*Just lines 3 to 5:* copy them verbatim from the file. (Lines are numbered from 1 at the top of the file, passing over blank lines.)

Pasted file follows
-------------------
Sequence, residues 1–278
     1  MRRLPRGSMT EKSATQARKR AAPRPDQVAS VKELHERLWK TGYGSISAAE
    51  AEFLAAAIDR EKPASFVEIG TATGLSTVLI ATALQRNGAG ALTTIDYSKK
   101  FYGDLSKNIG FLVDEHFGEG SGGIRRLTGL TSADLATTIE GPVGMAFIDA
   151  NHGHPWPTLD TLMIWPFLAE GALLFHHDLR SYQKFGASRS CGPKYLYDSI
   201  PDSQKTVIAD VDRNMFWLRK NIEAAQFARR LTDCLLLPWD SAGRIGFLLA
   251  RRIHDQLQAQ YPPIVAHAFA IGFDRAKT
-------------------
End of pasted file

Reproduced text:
    51  AEFLAAAIDR EKPASFVEIG TATGLSTVLI ATALQRNGAG ALTTIDYSKK
   101  FYGDLSKNIG FLVDEHFGEG SGGIRRLTGL TSADLATTIE GPVGMAFIDA
   151  NHGHPWPTLD TLMIWPFLAE GALLFHHDLR SYQKFGASRS CGPKYLYDSI